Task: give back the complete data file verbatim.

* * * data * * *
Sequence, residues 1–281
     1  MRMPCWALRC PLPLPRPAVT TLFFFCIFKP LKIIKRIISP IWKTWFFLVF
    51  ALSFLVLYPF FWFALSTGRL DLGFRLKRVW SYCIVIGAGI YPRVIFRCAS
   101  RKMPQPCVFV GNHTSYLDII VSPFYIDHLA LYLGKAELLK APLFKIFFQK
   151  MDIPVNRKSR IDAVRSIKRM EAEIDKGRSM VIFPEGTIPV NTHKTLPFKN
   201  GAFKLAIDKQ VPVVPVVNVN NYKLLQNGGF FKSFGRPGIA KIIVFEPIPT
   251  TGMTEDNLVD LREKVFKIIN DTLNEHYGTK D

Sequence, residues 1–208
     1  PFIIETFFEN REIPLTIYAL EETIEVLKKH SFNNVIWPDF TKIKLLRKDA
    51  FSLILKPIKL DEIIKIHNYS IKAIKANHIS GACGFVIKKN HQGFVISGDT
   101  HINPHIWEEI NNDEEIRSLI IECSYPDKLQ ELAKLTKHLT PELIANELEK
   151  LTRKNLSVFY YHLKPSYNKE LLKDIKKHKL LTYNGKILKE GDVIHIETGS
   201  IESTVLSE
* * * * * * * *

Sequence, residues 1–281
     1  MRMPCWALRC PLPLPRPAVT TLFFFCIFKP LKIIKRIISP IWKTWFFLVF
    51  ALSFLVLYPF FWFALSTGRL DLGFRLKRVW SYCIVIGAGI YPRVIFRCAS
   101  RKMPQPCVFV GNHTSYLDII VSPFYIDHLA LYLGKAELLK APLFKIFFQK
   151  MDIPVNRKSR IDAVRSIKRM EAEIDKGRSM VIFPEGTIPV NTHKTLPFKN
   201  GAFKLAIDKQ VPVVPVVNVN NYKLLQNGGF FKSFGRPGIA KIIVFEPIPT
   251  TGMTEDNLVD LREKVFKIIN DTLNEHYGTK D

Sequence, residues 1–208
     1  PFIIETFFEN REIPLTIYAL EETIEVLKKH SFNNVIWPDF TKIKLLRKDA
    51  FSLILKPIKL DEIIKIHNYS IKAIKANHIS GACGFVIKKN HQGFVISGDT
   101  HINPHIWEEI NNDEEIRSLI IECSYPDKLQ ELAKLTKHLT PELIANELEK
   151  LTRKNLSVFY YHLKPSYNKE LLKDIKKHKL LTYNGKILKE GDVIHIETGS
   201  IESTVLSE